We are a group of men, women and children who reenact the daily activities of the military forces that inhabited our colonies over 200 years ago. Those activities include military demonstrations, recreation of camp life, and public education. They require that our uniforms, clothing and equipment be accurate reproductions of items worn and used during the historical periods being reenacted. The units and periods we portray are Rogers' Rangers for the French and Indian War (1754-1763) and King's Rangers (members of the provincial battalion of the British Brigade) for the Revolutionary War (1776-1781).
Although we portray a Loyalist group of the Revolution (some of our members are descendents of soldiers who fought against the British), we do so with the understanding that to accurately portray the events of that time requires two armies, and somebody has to be British! The opportunity has actually allowed us to better understand the politics and events of the period.
We perform battle maneuvers known to have been in use during the original conflict, with battlefield commands given and carried out in a historically correct form. Our flintlock muzzle-loading muskets fire only black powder charges during demonstrations. We perform with strict adherence to personal safety, both our own and that of the public.
Camp life is depicted as it would have looked when an army was on the move, with canvas tents, open cooking fires and rustic equipment. Since women and children followed the troops from one encampment to another, we encourage wives, children and 'sweethearts' to participate by performing the essential tasks that would have fallen to their historical 18th century counterparts. (Participants must be 16 years of age to field and fire a musket.)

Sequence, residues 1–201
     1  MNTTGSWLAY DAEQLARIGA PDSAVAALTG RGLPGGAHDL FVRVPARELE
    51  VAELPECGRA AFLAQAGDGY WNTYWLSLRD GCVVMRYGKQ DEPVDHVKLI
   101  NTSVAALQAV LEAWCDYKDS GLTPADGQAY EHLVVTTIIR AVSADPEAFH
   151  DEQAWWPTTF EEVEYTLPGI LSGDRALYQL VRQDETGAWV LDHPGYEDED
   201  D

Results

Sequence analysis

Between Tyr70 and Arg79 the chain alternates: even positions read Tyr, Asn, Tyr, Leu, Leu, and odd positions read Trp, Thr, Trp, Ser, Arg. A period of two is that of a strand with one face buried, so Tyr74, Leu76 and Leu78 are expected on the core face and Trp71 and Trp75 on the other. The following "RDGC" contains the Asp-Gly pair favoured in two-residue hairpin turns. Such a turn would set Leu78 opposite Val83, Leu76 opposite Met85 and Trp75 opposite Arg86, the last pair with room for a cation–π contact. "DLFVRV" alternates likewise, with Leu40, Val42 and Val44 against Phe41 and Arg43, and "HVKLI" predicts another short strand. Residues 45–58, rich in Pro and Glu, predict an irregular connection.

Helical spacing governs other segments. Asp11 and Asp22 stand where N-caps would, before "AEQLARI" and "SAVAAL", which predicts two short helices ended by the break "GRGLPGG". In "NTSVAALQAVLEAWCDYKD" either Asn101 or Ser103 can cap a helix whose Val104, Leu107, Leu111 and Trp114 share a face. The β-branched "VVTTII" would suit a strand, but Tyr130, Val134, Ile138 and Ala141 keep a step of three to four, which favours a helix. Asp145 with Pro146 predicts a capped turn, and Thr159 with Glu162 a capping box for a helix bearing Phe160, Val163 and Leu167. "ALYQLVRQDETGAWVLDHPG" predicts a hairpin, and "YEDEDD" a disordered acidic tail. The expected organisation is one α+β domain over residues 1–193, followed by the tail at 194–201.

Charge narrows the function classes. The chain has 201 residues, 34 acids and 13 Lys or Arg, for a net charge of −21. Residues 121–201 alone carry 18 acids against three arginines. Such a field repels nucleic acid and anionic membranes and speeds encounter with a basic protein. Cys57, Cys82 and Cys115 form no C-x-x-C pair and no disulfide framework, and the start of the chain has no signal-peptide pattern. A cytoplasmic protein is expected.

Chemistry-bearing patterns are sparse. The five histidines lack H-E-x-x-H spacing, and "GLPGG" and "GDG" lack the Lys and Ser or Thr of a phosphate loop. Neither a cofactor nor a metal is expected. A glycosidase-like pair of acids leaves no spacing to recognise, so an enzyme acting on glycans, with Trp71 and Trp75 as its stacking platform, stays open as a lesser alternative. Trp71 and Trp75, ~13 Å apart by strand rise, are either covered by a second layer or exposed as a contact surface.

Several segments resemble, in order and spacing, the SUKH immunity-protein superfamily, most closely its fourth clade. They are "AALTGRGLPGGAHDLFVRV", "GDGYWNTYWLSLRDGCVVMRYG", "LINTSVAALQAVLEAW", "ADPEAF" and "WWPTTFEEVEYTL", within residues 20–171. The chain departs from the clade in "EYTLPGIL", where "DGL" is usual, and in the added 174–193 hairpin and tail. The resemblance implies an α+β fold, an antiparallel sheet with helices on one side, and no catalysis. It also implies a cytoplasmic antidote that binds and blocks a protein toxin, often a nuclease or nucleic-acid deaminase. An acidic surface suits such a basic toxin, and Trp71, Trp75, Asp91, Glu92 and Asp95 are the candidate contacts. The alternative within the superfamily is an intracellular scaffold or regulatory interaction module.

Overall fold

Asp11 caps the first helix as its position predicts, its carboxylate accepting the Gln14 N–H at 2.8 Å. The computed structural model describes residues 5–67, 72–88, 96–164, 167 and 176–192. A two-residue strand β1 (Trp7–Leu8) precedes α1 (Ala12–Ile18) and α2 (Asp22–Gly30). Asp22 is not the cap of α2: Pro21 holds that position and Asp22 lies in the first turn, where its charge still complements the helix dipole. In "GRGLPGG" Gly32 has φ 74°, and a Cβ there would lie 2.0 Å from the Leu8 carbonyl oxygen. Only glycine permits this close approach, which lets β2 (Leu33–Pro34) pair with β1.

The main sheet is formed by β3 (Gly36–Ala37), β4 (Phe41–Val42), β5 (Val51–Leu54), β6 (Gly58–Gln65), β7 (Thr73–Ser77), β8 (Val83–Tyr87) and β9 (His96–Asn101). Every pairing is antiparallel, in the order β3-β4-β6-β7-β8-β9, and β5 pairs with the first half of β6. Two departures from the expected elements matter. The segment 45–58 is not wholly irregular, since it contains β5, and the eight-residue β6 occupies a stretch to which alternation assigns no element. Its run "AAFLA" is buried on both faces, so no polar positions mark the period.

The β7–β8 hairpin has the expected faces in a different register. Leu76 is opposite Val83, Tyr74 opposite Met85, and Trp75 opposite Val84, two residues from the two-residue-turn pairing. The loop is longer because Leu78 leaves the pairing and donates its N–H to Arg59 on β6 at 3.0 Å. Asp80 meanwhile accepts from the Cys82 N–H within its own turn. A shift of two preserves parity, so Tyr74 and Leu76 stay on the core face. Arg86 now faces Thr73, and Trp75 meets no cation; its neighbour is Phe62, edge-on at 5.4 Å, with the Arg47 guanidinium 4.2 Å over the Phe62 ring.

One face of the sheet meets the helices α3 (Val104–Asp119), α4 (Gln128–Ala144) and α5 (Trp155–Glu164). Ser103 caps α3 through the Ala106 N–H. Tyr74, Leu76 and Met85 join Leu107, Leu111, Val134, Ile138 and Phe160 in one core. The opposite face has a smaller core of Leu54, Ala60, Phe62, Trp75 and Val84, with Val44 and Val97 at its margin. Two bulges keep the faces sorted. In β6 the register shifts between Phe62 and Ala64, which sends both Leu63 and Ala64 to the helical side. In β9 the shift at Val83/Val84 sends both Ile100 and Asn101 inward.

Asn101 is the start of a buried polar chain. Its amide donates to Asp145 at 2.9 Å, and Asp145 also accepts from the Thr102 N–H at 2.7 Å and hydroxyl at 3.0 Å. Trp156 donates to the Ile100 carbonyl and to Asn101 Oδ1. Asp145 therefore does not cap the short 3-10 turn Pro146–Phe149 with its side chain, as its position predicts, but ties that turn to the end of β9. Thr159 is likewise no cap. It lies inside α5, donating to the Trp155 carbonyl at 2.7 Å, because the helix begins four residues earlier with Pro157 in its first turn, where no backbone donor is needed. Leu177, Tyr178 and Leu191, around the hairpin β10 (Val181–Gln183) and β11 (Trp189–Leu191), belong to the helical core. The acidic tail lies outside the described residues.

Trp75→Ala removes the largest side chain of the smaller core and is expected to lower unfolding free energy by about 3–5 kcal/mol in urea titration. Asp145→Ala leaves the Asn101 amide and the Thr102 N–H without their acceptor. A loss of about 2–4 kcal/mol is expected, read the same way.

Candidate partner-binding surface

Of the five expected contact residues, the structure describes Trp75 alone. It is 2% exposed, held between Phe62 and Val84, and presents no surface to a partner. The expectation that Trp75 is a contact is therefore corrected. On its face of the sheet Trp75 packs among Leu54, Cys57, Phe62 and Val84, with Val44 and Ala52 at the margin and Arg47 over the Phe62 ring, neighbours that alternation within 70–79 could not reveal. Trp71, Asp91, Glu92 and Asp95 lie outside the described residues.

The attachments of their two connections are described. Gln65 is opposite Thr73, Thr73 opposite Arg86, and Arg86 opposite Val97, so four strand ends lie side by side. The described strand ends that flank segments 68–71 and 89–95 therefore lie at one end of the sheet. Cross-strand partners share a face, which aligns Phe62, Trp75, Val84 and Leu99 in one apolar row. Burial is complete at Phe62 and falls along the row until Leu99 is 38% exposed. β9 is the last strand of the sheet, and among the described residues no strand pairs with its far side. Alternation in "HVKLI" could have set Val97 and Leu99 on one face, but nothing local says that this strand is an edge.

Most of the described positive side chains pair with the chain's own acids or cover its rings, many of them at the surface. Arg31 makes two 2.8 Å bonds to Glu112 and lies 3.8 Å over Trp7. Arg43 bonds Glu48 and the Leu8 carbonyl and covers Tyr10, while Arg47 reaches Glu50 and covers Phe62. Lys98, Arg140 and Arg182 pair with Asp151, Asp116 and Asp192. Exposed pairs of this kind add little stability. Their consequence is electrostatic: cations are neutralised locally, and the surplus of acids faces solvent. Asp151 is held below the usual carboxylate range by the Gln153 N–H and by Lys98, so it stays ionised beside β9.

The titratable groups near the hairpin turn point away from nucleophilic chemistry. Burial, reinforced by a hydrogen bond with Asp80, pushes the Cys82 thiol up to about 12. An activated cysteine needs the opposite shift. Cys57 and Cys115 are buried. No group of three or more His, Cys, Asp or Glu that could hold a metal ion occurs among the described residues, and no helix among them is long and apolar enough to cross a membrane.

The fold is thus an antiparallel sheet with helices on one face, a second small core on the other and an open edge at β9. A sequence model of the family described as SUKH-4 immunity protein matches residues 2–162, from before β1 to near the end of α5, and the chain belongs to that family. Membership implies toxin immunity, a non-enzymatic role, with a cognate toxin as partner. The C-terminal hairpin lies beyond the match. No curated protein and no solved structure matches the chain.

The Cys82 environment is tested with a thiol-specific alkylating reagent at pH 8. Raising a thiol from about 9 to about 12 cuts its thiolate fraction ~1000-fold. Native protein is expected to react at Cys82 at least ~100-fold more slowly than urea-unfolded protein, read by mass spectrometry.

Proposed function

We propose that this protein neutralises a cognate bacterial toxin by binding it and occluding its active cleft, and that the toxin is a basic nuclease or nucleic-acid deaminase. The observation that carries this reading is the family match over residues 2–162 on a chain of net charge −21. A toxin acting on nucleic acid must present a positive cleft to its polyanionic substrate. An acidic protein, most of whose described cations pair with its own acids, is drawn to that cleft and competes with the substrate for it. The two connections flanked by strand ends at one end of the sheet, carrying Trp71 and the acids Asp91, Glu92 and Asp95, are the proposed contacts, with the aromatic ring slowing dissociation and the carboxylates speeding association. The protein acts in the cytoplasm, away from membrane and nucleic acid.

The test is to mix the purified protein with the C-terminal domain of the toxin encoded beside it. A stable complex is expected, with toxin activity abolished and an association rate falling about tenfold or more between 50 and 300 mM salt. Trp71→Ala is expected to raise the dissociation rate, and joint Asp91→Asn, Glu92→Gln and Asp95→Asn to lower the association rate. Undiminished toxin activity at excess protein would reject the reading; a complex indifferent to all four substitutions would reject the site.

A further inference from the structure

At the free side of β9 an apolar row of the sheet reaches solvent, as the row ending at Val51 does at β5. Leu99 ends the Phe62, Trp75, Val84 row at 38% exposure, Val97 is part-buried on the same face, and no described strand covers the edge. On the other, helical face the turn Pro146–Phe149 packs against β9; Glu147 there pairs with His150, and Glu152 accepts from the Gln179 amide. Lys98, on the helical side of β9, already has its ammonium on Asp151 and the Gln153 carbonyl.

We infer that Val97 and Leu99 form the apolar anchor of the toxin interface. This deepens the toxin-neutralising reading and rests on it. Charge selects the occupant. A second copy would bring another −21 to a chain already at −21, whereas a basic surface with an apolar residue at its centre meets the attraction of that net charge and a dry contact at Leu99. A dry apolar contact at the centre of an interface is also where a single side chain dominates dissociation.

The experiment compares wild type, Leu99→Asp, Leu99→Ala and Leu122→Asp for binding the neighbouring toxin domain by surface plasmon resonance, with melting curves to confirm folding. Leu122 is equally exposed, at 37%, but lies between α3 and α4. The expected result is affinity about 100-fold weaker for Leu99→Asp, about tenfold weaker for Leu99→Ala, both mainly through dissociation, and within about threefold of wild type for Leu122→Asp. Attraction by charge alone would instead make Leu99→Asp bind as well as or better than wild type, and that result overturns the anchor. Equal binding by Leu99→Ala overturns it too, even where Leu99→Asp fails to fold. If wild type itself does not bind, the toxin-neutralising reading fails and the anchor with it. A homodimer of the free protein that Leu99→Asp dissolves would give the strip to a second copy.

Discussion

There are no requirements to joining other than an interest in history, travel and the outdoors. It requires no special knowledge of the events, players or equipment.
Since 1976, under the command of Major Jim Hayes, the unit has represented the Crown at events and locations throughout New England including Fort Ticonderoga, Crown Point, Fort 4, Mount Independence, Fort Niagara, Yorktown, Williamsburg, Old Fort Western, Fort Stanwix and Bennington as well as at Quebec, Montreal and Fortress Louisbourgh.
In 1987 members of the group participated in a two–month recreation, by water and land, of Rogers' infamous expedition to St. Francis, Canada. In 1997 several members departed Fort Ticonderoga, NY, to traverse the original Crown Point Road of 1759, across Vermont to Fort 4, NH. Each fall, certain members of our unit hike into the backwoods of New York for a week, to replicate the lifestyle, and experience the hardships and hazards, of the French and Indian War period.
Today, Rogers' Rangers, under the command of Major Michael Fitzgerald and Sgt. Paul Stevens, is headquartered in Connecticut and includes members from upstate New York, Pennsylvania, Long Island, Rhode Island, Massachusetts and Maine. We enjoy reenacting and hope others will enjoy our historical interpretations. Please consider visiting one of our events.
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Rogers' Rangers is a non-profit educational organization with headquarters in Connecticut.
This site built by Michael Fitzgerald and maintained by Dan Dudley. Copyright 1998